Rheumatoid Pain Relief Arthritis Drug Linked to Lymphoma Cancer For people with rheumatoid arthritis, methotrexate is the treatment of choice in reducing pain and inflammation. But there’s evidence the Pain Relief Arthritis Drug can activate a virus that can increase the risk of Lymphoma Cancer and similar cancers in some patients.The study appears in this month’s issue of the Journal of the National CancerInstitute.A number of reports have linked Pain Relief Arthritis Drug methotrexate with lymphoma and similar cancers of the lymph glands, says senior researcher Shannon C. Kenney,
MD, a microbiologist and infectious disease specialist with the Lineberger Comprehensive Cancer Center at the University of North Carolina at Chapel Hill. Also, studies have shown that when rheumatoid arthritis patients quit taking methotrexate, their lymphoma went into regression, another sign that the Pain Relief Arthritis Drug directly contributes to the Lymphoma Cancer, she tells WebMD.
Some studies have indicated that the Pain Relief Arthritis drug’s immune-weakening effect places people at risk for viral-associated lymphomas.Another factor in this story: Epstein-Barr virus (EBV), a herpes virus that is common among adults.
Methotrexate and Lymphoma Cancer In a series of laboratory tests involving cells with latent EBV virus, Kenney found that using methotrexate on cells that contained the latent Epstein-Barr virus activated the virus, causing an increase in the release of infectious EBV.“An infectious form of the virus was released from the cells,” she tells WebMD. “We were surprised by that. We had already shown that certain kinds of chemotherapy could induce release of a form of EBV, but none would allow the infectious virus to be released.
she reports. Patients taking methotrexate had significantly higher EBV viral loads in their blood than patients taking other immune weakening Pain Relief Arthritis Drugs.With methotrexate, it’s different. “Methotrexate activates cells with the Epstein-Barr virus, but it doesn’t prevent replication of the [virus]. So it spews out the virus in an infectious form,” she explains.Similar results were found with polymyositis patients. However, the pattern was not found with Wegener granulomatosis — just as few Lymphoma Cancer have been reported in these patients, she notes.The data shows that methotrexate has a “unique ability” to trigger Epstein-Barr virus while also suppressing the immune system — thereby triggering Lymphoma Cancer in these patients, she adds. What’s Going On? Scientists once thought that — because methotrexate suppresses the immune system — the body has difficulty eliminating the Epstein-Barr virus, Kenney explains.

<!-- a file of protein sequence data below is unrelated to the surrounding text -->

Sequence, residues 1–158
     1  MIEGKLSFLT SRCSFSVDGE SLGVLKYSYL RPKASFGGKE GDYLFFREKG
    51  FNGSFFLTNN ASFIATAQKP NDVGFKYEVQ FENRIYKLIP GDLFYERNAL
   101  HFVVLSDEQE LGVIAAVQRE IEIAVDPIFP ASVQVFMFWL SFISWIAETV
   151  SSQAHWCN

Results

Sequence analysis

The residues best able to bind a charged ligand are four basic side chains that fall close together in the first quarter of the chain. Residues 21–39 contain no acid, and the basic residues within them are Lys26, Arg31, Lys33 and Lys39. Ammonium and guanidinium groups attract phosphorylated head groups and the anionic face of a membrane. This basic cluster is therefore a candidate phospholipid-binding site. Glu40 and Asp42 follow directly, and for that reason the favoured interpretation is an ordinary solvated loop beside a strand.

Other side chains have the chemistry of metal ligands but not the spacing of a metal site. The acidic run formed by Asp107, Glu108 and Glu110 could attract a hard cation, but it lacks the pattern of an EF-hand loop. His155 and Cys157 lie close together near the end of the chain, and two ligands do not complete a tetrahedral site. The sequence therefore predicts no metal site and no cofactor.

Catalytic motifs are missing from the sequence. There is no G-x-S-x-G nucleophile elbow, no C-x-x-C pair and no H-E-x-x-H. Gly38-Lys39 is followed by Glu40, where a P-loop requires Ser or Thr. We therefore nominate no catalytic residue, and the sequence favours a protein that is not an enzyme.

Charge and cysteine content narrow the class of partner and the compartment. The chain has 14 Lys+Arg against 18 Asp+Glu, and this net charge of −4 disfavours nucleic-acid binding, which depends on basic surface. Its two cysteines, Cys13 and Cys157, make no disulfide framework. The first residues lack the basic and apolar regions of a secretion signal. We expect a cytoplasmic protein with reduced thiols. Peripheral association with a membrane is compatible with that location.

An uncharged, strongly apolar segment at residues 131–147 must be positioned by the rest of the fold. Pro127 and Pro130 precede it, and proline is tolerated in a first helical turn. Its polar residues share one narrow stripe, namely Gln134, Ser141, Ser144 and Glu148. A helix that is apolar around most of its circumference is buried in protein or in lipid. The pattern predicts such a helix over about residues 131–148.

“There’s no question that the immune-suppressing ability of methotrexate is important for allowing EBV lymphomas to grow,” she tells WebMD.But why are EBV lymphomas so closely tied with methotrexate? The lymphomas likely arise because “a combination of bad things is happening,” she explains. “The immune system is suppressed and unable to handle the increasing amount of EBV in the blood.Why do some patients get Lymphoma Cancer? “I’m not sure,” says Kenney. Research shows that rheumatoid arthritis patients have been shown to have higher levels of Epstein-Barr virus in their blood, and their T cells don’t control EBV very well.
T cells help rid the body of cells that have been infected by viruses as well as cells that have been transformed into Lymphoma Cancer.Another recent study showed that antibodies, which can help diagnose rheumatoid arthritis called rheumatoid factor, can also reactivate EBV.A cautionary note: “These Lymphoma Cancer cases are rare among methotrexate takers,” Kenney tells WebMD.“We want to emphasize that fewer than 1 in 1,000 patients per year who get methotrexate who have rheumatoid arthritis get EBV lymphoma. It’s a very low-risk situation. We do not recommend that people stop taking methotrexate.